Na'vi/Adpositions

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Besides case, the role of a noun in a clause may be indicated with an adposition. This may occur either as a preposition before the noun, as in English, or as an suffix at the end of the noun, as in Chinese, Japanese, and Korean, a greater degree of freedom than human languages allow. For example, "with you" may be either hu nga or ngahu. When used as suffixes, they are much like the numerous cases found in Hungarian and Finnish.

Attested adpositions[edit]

Adpositions may be stressed when they occur as prepositions, but not as suffixes, where they have no effect on the stress of the noun.

Adp. Len.    English Example Translation
äo "under" äo Utral Aymokriyä under the Tree of Voices
eo "before (place), in front of" eo ayoeng before us
io "above"
uo "behind"
fa "with", "by means of"  
(instrument)
aylì’ufa ’eylanä in the words of a friend
fkip "up among"
fpi + "for the sake of"
ftu "from" (direction) Note irregular ftu sat "from that"
hu "with, together with"
(accompaniment)
Eywa ngahu
hu Eywa
Gaia (be) with you
with Eywa
ìlä + "via, along, by"
ka "across"
kip "among" ayngakip among you
kxamlä "through (the middle of)" (kxam "the middle" ìlä "via")[note 1]
lok "close to" lok ’awkx, ’awkxlok near the cliff (also a verb, "to approach")
luke "without" lu luke kxu be without harm
maw "after" (in time) maw hìkrr in a moment
+ "in", "on" te’lan
’Rrta
fìtrr
in the heart(s)
on Earth
on this day
mìkam "between" ( "in" kxam "the middle")
mungwrr   "except" éyktanmungwrr except the leader
na "like", "as" na ayskxe mì te’lan
rel na uniltìranyu
like stones in my heart (simile)
a picture as an avatar (form)
ne "to" (direction) terìran ayoe ayngane
tsenge a tsane po karmä
we are walking your way
the place to which she was going
nemfa "into" (from ne mì+fa)
pxaw "around"
pxel "like", "such as" sute pxel nga people such as you
ro + "at" (location) ro fäpa, ro helku at the top, at home
"and" (phrases)[note 2] trrä txonä,
aylì’ut horenti
of day and night,
words and rules
sìn "on", "onto" (?)
sre + "before" (time) srese’a prophesize
ta "from" (generic) aungia ta Eywa a sign from Eywa
takip "from among"
tafkip "from up among"
teri "about, concerning" teri lì’fya leNa’vi plltxe   talk about the Na’vi language
vay "up to" (space or time) vay set
vaykrr
up to now, still, (with a negative verb) not yet
until
+ "against" (as in "fight against")

Various locative and temporal adverbs are derived from these: ne’ìm "toward the back", nefä "upwards", nekll "downwards"; ta’em "from above";[note 3] mawkrr "after, afterwards"; srekrr "before, beforehand". Note also kä neto "go away (toward the distance)" and tok mìso "be there in the distance", both perhaps based on the particle to "than". Srese’a "to prophesize" is literally "to foresee", sre+tse’a.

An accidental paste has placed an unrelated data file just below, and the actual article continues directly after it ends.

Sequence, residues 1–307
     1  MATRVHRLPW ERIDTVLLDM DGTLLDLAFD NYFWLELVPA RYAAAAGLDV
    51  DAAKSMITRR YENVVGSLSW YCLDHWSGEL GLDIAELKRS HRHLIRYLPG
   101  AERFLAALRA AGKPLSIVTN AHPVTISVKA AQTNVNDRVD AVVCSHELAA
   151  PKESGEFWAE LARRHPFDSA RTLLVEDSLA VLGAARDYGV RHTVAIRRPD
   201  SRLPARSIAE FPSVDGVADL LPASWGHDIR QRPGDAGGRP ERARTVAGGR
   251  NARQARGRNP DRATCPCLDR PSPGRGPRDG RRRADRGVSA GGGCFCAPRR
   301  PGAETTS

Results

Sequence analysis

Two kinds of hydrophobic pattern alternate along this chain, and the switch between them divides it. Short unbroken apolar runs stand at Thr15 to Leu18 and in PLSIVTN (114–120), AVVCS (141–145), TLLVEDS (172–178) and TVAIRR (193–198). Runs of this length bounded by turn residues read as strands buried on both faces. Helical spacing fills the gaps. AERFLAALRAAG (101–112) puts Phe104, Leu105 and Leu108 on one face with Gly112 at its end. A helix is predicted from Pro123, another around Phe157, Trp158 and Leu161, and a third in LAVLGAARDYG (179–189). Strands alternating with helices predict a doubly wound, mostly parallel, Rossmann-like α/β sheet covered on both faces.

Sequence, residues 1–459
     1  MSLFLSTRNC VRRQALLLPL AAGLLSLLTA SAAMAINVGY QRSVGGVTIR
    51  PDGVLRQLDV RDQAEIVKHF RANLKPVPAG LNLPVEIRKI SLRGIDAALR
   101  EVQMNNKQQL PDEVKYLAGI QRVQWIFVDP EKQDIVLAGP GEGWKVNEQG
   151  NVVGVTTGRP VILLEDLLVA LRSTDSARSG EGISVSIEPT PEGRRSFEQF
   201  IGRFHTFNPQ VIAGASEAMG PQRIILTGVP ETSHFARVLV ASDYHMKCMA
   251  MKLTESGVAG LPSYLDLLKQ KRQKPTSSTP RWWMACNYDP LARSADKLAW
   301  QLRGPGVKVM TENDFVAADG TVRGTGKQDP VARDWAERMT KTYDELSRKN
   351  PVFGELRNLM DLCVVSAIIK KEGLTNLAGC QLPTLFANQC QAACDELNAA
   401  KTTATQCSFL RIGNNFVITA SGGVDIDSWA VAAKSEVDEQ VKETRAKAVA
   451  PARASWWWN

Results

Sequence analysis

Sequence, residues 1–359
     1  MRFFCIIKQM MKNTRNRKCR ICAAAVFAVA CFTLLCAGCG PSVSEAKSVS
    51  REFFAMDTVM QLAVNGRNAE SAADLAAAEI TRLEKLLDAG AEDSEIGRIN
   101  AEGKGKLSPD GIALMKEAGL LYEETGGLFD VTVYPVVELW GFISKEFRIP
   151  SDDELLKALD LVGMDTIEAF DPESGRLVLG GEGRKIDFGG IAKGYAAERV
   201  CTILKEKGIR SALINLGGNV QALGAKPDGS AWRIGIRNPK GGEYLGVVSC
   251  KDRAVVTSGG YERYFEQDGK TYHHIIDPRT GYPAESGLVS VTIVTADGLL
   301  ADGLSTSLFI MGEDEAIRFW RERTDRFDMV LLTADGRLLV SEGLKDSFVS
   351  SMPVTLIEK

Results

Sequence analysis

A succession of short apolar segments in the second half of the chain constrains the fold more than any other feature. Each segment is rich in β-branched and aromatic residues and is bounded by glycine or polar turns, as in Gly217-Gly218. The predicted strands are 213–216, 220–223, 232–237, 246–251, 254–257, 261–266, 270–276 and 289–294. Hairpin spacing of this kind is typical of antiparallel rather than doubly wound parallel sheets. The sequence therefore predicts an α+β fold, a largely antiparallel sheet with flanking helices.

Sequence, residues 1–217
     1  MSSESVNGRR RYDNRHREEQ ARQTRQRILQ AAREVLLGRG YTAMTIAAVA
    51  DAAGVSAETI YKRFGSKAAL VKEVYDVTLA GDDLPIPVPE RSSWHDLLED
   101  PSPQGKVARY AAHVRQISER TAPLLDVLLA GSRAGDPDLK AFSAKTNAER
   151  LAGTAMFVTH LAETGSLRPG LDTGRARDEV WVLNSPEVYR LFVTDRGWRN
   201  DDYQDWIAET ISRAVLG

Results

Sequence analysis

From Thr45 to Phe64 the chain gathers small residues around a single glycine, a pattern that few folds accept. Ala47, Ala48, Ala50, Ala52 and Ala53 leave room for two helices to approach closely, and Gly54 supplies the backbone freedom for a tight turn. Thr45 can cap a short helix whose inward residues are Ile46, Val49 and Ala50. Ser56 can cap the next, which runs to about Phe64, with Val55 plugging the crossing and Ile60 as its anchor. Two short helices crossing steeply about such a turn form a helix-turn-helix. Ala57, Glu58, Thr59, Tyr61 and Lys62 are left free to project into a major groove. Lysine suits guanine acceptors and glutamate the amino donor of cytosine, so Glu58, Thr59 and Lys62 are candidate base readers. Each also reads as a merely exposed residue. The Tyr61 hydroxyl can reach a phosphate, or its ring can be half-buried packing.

There are words besides traditional adpositions that have the same dual preposition/suffix use, such as "and" and pe+, -pe "which?", though the latter case is a dual prefix/suffix (peu, ’upe "what?"—see Questions), never a preposition.

Though a prefix, the adverbial nì- "-ly" functions as a generic adposition: fya’o alaw "in a clear manner". It may be used where no specific adposition is correct; mì fya’o, for example, would mean literally "in the way, on the path", not *"in the manner".

Lenition and the ambiguity of short plurals[edit]

When used as prepositions, certain of these trigger lenition, marked "+" in the table above. One of the leniting prepositions is "in", as in mì sokx "in the body", from tokx "the body". This may cause some ambiguity with short plurals: mì sokx could also be short for mì aysokx "in the bodies". When is used as a suffix, however, the noun is not lenited.

noun preposition + noun noun-suffix
Singular tokx "body" mì sokx "in the body" tokxmì "in the body"
Short plural sokx "bodies" "in the bodies" sokxmì "in the bodies"
Long plural aysokx mì aysokx aysokxmì

Notes[edit]

  1. Kxamlä does not cause lenition, though its component ilä does.
  2. Syntactically, is a conjunction, and is used regardless of the presence of true adpositions or case, but it is included here because it may be either preposed or suffixed as the adpositions are.
  3. Perhaps related to the em in emza’u "to pass a test, overcome a challenge".


Pronouns · Adjectives

Pronouns · Na'vi · Adjectives